Model Art Modeling Magazine, #49, Autumn 2013, Special Ship Model Edition

Published: November 3rd, 2013     
Model Art Modeling Magazine, #49, Autumn 2013, Special Ship Model Edition
Reviewed by: Mike Van Schoonhoven, IPMS# 41627
Company: Model Art

This is Model Art Magazine’s special quarterly issue that focuses on naval subjects. As with the regular Model Art Magazine, this is printed in Japanese with some English subtitles. This special ship model edition focuses on the "Chitose Japanese Navy seaplane carrier type".

This issue starts off with detail drawings of the IJN seaplane carrier Mizuho. They cover such items as the anchor, vents, cleats, portholes and the trim over them, armament, linoleum decks and how they were secured, and armament – very valuable information for modelers. Next is a one-page article on new items that are coming out.

U-Boat Type IIB 1943

Published: November 2nd, 2013     
U-Boat Type IIB 1943
Reviewed by: Chad Richmond, IPMS# 10346
Scale: 1/144
Company: ICM

The Type IIB U-Boat was used throughout World War II as a coastal patrol boat, and only twenty were made. Since it could not operate very far from its home port and carried very little armament, it was used to train new crews and prepare new Kapitans for their commands.  Surprisingly, most of the Type IIB losses were from the Kapitan scuttling the boat.  The first Type IIB was launched on June 29, 1935.  It was interesting doing research on the boats that are referred to on the instruction sheet and finding out that markings and specific details of many of the U-boats are not readily available, and in some cases are best guesses.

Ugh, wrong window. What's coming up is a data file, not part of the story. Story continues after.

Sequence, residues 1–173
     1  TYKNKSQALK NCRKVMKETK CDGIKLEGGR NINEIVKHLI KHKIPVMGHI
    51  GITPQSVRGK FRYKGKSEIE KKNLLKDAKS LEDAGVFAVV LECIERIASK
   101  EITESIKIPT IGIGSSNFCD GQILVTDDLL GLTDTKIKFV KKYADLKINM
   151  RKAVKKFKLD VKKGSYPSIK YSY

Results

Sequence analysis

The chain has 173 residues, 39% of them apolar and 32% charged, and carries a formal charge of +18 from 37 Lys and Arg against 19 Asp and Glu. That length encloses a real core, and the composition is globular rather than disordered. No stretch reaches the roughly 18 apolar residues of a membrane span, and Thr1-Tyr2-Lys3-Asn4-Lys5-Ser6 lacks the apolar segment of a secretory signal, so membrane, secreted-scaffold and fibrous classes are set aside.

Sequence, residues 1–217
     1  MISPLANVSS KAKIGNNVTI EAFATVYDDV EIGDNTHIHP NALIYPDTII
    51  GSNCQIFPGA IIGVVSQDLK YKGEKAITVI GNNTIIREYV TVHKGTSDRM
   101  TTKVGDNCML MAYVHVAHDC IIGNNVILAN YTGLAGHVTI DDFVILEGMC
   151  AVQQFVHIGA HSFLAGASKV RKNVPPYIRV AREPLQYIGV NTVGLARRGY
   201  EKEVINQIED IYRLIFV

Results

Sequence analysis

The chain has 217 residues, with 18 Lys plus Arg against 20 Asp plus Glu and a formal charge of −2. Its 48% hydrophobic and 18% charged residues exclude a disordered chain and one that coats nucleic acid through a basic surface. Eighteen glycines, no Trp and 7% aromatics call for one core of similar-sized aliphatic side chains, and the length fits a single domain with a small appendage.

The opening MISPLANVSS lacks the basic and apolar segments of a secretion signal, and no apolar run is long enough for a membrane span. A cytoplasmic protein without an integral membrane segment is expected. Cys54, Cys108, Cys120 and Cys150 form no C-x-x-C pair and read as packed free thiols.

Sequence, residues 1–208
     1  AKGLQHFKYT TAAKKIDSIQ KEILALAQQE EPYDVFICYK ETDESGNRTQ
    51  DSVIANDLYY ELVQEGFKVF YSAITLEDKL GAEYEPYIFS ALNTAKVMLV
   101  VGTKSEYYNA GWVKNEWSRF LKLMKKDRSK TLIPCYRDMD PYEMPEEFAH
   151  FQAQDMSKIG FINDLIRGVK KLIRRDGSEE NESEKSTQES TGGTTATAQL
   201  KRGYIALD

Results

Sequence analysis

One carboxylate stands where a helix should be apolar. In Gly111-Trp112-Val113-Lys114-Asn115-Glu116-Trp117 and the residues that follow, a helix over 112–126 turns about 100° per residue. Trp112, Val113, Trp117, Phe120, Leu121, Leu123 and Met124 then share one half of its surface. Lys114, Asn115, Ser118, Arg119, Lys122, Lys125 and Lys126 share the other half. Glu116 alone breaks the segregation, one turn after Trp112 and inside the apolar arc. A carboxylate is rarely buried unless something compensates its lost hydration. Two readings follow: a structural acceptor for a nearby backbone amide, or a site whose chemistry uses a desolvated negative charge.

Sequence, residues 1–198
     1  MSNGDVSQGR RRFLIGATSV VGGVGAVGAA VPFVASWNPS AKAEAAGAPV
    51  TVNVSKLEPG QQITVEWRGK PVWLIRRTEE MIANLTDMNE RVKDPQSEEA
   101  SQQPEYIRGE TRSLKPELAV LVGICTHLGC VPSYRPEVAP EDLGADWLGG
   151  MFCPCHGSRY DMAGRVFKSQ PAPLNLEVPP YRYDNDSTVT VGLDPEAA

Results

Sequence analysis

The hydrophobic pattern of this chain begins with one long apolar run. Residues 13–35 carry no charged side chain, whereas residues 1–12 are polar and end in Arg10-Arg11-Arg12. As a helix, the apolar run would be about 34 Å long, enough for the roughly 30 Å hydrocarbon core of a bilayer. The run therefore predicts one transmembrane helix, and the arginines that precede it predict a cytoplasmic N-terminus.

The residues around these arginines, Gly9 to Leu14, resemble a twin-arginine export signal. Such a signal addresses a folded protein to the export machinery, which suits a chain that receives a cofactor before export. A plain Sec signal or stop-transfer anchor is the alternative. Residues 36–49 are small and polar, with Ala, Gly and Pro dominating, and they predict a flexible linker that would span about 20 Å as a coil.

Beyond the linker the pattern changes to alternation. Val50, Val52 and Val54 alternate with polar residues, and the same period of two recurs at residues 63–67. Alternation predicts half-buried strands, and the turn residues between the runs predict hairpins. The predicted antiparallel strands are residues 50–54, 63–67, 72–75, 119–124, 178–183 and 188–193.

When I first saw this kit, I got excited because of the 1/144th scale.  What a great scale for submarines, especially WWII era.  I was still excited when I opened the box and saw how simple everything looked.  The more I looked at it, however, the more it looked familiar.  Alas, it is the same kit as the Revell of Germany kit in a different box with different instructions and a different decal sheet.  The decal sheet was very disappointing because it was badly out of register.

USS Alabama, Squadron at Sea

Published: October 28th, 2013     
USS Alabama, Squadron at Sea
Author: David Doyle
Reviewed by: Mike Van Schoonhoven, IPMS# 41627
Company: Squadron Signal Publications

The Squadron at Sea titles cover specific ships by using photos of the vessel and its equipment from the very beginning of its life all the way through the end of its career. These titles are written about both civilian and military vessels, while the On Deck series is devoted solely to warships.

The USS Alabama is a South Dakota-class battleship, and construction was begun in February, 1940. The build took over two years until commissioning. Even though the Alabama took part in some of the most famous battles of the Pacific during the war, she only lost five crewman and none to enemy action. After the war, Alabama was mothballed until 1964 when she was moved to her present home in Mobile Bay as a museum.

David Doyle does an excellent job covering this vessel. The photo documentation in this book should be commended. There are photos of the keel laying, launch, commissioning, shakedown cruise, in action, mothballed, and then as a museum. There are also several color drawings and some excellent line drawings.